Real Clear Politics
 
 
 
 
Beware  the Law of Unintended Consequences

 
 






 
By _Victor  Davis Hanson_ 
(http://www.realclearpolitics.com/authors/victor_davis_hanson/) 
December 01, 2016


 
The  mix of politics and culture is far too complex to be predictable. Even 
the  best-laid political plans can lead to unintended consequences, both 
good and bad  -- what we sometimes call irony, nemesis or karma. 
Take  the election of 2008, which ushered Barack Obama and the Democrats 
into absolute  control of the presidency, House and Senate, also generating 
popular goodwill  over Obama's landmark candidacy. 
Instead  of ensuring a heralded generation of Democratic rule, Obama 
alienated both  friends and foes almost immediately. He rammed through the 
unworkable Affordable  Care Act without a single Republican vote. He 
prevaricated 
about Obamacare's  costs and savings. Huge budget deficits followed. Racial 
polarization ensured.  Apologies abroad on behalf of America proved a 
national turnoff. 
By  the final pushback of 2016, the Obama administration had proven to be a 
rare  gift to the Republican Party. The GOP now controls the presidency, 
Congress,  governorships and state legislatures to a degree not seen since the 
1920s. "Hope  and change" ebullition in 2008 brought the Republicans 
salvation -- and the  Democrats countless disasters. 
The  Republican establishment hated Donald Trump. So did the conservative 
media. His  unorthodox positions on trade, immigration and entitlements 
alienated many. His  vulgarity turned off even more. Pundits warned that he had 
brought civil war and  ruin to the Republican Party. 
But  instead of ruin, Trump delivered to the Republicans their most 
astounding  political edge in nearly a century. The candidate who was most 
despised 
by the  party unified it in a way no other nominee could have. 
Obama  proved Israel's best friend -- even though that was never his 
intention. By  simultaneously alienating Israel and the Sunni moderates in 
Jordan 
and Egypt,  and by warming up to the Muslim Brotherhood, appeasing Iran and 
issuing empty  red lines to the Assad regime in Syria, Obama infuriated but 
also united the  entire so-called moderate Middle East. 
The  result was that Arab nations suddenly no longer saw Israel as an 
existential  threat. Instead, it was seen as similarly shunned by the U.S. -- 
and 
as the only  military power capable of standing up to the 
soon-to-be-nuclear theocracy in  Iran that hates Sunni Arabs and Israelis 
alike. 
Today,  Israel is in the historic position of being courted by its former 
enemies, as  foreign fuel importers line up to buy its huge, newly discovered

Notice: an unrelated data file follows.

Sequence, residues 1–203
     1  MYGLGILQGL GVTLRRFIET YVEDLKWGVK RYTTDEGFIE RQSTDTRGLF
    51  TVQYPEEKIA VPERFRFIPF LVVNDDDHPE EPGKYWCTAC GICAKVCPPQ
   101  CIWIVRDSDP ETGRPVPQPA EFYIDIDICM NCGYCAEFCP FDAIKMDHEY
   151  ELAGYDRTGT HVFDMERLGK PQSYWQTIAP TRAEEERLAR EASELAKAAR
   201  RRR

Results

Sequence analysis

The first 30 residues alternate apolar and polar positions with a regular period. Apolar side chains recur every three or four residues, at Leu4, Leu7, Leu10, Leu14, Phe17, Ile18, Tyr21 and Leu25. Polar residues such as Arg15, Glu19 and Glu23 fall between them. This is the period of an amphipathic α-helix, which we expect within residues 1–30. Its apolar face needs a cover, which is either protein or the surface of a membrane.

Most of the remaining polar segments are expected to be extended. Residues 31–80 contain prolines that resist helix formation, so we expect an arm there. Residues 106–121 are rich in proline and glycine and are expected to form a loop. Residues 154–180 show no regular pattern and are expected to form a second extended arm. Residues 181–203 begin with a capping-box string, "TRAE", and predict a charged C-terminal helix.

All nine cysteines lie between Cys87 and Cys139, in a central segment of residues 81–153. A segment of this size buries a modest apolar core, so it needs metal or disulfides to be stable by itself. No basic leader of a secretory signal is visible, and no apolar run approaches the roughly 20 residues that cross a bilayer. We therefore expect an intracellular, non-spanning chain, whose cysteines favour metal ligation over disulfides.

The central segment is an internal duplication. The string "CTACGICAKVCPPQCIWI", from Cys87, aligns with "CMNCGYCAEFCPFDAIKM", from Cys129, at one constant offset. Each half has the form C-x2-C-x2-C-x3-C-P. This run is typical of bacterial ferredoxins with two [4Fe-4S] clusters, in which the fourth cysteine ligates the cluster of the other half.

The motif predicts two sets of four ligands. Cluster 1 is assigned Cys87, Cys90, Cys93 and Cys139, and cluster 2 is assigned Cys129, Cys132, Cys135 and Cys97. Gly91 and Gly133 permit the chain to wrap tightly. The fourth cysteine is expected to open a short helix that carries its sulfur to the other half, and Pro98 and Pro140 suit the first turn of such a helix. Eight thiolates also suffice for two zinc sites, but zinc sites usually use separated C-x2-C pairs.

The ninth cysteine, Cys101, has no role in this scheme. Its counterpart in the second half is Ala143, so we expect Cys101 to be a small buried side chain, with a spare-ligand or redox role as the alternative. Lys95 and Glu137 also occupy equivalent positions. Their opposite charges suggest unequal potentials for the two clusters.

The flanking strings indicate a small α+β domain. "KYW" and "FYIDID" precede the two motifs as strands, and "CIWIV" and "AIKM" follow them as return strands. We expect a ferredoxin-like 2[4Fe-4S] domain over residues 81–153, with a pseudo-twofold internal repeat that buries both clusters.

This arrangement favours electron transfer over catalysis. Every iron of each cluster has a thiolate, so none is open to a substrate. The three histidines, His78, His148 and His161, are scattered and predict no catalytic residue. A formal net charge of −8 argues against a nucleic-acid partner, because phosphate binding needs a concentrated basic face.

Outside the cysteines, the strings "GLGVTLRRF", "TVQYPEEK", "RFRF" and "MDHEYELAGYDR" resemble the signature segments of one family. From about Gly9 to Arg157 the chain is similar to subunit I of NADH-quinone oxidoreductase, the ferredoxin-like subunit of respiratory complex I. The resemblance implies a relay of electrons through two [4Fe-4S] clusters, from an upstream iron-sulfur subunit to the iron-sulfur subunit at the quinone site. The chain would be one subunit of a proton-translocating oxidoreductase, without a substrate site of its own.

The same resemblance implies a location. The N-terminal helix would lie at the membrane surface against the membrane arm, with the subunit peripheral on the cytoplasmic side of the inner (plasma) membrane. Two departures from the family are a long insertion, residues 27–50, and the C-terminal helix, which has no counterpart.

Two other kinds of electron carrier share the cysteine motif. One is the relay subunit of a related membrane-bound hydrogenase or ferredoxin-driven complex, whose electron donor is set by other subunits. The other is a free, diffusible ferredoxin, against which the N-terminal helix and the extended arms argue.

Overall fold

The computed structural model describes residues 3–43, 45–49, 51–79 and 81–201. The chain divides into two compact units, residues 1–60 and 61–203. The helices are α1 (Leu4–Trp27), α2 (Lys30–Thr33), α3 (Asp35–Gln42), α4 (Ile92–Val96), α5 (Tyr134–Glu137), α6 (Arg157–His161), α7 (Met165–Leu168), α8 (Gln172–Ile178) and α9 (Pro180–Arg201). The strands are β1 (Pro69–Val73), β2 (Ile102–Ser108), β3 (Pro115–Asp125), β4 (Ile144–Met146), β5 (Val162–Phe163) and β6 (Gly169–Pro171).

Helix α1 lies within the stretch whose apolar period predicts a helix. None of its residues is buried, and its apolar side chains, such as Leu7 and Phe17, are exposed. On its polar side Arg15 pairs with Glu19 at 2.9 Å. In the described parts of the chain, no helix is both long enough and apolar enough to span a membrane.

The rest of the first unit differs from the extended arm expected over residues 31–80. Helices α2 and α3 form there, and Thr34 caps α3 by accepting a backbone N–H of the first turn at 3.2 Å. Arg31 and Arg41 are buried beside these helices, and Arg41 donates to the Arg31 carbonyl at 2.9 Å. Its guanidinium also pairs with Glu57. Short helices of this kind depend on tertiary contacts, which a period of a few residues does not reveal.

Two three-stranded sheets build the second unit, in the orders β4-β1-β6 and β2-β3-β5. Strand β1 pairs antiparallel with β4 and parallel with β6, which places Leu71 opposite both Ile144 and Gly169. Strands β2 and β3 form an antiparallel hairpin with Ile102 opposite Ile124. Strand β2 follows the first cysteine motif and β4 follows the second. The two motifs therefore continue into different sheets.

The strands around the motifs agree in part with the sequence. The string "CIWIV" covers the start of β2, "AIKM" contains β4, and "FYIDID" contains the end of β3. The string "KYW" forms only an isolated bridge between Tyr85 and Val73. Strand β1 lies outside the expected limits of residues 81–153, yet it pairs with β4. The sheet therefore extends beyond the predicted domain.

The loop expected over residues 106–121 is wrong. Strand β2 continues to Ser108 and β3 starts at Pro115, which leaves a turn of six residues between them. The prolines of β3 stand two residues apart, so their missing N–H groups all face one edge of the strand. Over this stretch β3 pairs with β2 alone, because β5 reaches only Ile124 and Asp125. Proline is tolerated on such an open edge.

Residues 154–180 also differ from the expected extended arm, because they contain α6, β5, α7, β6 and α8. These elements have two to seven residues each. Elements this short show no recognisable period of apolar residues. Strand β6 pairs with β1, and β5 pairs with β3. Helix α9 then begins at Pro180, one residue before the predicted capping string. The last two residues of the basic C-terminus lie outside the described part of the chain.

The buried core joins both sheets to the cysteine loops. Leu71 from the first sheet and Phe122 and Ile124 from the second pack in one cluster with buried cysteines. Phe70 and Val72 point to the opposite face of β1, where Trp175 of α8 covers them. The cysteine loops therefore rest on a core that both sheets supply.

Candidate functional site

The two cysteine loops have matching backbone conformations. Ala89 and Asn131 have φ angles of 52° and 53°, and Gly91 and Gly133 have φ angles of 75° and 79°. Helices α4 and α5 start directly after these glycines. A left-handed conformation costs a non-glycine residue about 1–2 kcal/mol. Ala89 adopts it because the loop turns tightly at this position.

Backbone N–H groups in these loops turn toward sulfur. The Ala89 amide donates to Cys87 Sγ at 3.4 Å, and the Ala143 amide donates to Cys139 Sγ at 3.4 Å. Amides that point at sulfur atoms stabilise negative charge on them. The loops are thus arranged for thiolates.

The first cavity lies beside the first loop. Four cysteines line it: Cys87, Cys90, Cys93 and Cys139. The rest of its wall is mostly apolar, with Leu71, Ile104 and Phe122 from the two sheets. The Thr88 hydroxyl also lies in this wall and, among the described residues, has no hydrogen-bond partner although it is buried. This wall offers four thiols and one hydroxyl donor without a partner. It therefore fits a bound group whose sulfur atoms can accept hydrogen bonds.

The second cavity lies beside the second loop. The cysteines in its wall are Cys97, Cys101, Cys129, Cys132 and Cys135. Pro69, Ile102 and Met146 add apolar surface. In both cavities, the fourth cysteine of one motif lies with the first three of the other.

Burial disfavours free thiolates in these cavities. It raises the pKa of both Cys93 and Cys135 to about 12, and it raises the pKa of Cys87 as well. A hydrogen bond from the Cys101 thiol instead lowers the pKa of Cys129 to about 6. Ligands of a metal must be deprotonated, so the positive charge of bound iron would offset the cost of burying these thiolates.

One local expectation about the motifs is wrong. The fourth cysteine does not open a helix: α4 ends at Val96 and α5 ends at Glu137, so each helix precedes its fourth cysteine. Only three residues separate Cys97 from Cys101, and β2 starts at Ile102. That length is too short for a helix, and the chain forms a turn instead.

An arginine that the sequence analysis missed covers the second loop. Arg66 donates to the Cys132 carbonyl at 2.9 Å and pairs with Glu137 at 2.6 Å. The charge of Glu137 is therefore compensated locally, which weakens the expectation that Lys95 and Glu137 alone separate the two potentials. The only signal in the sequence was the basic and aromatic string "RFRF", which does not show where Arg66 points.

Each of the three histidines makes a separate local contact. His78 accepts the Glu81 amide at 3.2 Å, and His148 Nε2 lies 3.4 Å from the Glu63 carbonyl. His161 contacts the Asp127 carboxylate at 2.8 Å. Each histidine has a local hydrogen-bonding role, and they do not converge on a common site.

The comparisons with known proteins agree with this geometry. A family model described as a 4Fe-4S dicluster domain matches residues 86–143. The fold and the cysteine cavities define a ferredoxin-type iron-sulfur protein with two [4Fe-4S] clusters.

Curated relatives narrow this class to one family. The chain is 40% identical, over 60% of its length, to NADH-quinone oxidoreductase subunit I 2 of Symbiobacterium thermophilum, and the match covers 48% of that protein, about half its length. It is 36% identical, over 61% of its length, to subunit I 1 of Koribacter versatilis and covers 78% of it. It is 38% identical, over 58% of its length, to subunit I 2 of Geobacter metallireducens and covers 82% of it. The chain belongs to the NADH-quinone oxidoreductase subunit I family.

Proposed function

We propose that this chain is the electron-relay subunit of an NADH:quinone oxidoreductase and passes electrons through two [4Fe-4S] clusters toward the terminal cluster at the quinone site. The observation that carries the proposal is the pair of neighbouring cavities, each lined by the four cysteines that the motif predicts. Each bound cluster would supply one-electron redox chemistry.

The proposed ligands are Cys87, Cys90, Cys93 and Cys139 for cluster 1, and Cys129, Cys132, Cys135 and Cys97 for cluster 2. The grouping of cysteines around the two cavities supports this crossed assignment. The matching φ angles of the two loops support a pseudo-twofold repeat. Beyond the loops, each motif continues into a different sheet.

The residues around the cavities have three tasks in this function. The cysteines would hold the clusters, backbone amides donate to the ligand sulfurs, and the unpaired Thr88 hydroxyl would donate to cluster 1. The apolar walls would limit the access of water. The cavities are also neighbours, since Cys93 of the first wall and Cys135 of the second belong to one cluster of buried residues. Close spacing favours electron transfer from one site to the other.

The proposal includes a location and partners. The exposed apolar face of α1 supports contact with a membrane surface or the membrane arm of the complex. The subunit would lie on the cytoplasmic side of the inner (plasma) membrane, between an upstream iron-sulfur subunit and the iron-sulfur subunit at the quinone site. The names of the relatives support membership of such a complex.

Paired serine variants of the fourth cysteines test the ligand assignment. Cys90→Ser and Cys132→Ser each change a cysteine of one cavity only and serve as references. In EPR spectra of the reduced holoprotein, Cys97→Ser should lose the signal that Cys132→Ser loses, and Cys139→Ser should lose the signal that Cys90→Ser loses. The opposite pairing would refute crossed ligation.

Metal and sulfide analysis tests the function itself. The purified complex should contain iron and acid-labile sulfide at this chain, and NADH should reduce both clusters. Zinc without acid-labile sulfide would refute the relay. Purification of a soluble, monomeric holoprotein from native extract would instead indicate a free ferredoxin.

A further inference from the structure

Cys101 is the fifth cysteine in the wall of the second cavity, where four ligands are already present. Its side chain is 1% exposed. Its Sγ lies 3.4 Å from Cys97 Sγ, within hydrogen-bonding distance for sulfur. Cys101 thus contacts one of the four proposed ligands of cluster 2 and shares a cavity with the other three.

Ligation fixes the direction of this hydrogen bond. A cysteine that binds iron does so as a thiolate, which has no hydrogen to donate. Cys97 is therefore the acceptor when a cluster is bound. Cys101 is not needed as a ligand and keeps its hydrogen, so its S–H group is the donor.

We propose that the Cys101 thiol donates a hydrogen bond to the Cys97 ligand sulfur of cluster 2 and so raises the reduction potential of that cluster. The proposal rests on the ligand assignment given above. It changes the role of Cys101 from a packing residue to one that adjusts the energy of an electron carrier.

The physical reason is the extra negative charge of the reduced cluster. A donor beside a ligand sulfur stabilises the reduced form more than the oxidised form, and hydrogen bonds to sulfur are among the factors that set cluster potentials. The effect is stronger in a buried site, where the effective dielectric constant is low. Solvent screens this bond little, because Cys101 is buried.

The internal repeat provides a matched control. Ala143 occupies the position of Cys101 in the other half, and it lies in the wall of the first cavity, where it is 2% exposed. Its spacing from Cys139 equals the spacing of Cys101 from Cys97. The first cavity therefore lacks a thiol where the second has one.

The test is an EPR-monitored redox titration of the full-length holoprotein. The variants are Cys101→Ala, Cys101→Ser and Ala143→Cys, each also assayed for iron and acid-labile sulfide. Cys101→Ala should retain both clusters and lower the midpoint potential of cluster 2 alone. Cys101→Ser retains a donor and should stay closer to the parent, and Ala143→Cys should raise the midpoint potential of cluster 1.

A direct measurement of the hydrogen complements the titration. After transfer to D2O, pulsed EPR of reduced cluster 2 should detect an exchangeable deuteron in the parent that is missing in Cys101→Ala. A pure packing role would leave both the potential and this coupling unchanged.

deposits of  natural gas. As the Arab Spring and the Islamic State 
destroyed neighboring  nations, Israel's democracy and free market appeared as 
an 
even stronger beacon  in the storm. 
Almost  every major initiative that Obama pushed has largely failed. 
Obamacare is a  mess. He nearly doubled the national debt in eight years. 
Economic 
growth is at  its slowest in decades. Reset with Russia, the Asian pivot, 
abruptly leaving  Iraq, discounting the Islamic State, red lines in Syria, 
the Iran deal -- all  proved foreign policy disasters. 
Yet  Obama has been quiet about one of the greatest economic revolutions in 
American  history, one that has kept the U.S. economy afloat: a radical 
transformation  from crippling energy dependency to veritable fossil-fuel 
independence. The  United States has become the world's greatest combined 
producer of coal, natural  gas and oil. It is poised to be an energy exporter 
to 
much of the world. 
The  revolution in fracking and horizontal drilling has brought in 
much-needed  federal revenue, increased jobs, weakened Russia and our OPEC 
rivals, 
and has  given trillions of dollars in fuel savings to American consumers. 
Yet  Obama opposed the energy revolution at every step. He radically 
curtailed the  leasing of federal lands for new drilling, stopped the Keystone 
XL 
pipeline, and  subsidized inefficient and often crony-capitalist wind and 
solar projects.  Nonetheless, Obama's eventual failure to stop new drilling 
ended up his one  success. 
Hillary  Clinton, in her presidential bid, did everything by the playbook 
-- and  therefore her campaign went catastrophically wrong. Her campaign 
raised more  than $1 billion. She ran far more ads than did Trump. She won over 
the  sycophantic press. She got all the celebrity endorsements. She united 
the  Democratic Party. 
Logically,  Clinton should have won. The media worked hand in glove with 
her campaign. Her  ground game and voter registration drives made Trump's look 
pathetic. 
Yet  all that money, press and orthodoxy only confirmed suspicions that 
Clinton was a  slick but wooden candidate. She became so scripted that even her 
Twitter feed  was composed by a committee. 
The  more she followed her boring narrative, the more she made the amateur 
Trump seem  authentic and energized in comparison. Doing everything right 
ended up for  Hillary as doing everything wrong -- and ensured the greatest 
upset in American  political history. 
The  ancient Greeks taught us that arrogance brings payback, that nothing 
is sure in  a fickle universe, that none of us can be judged successful and 
happy until we  die, and that moderation and humility alone protect us from 
own darker  sides. 
In  2016, what could never have happened usually  did.

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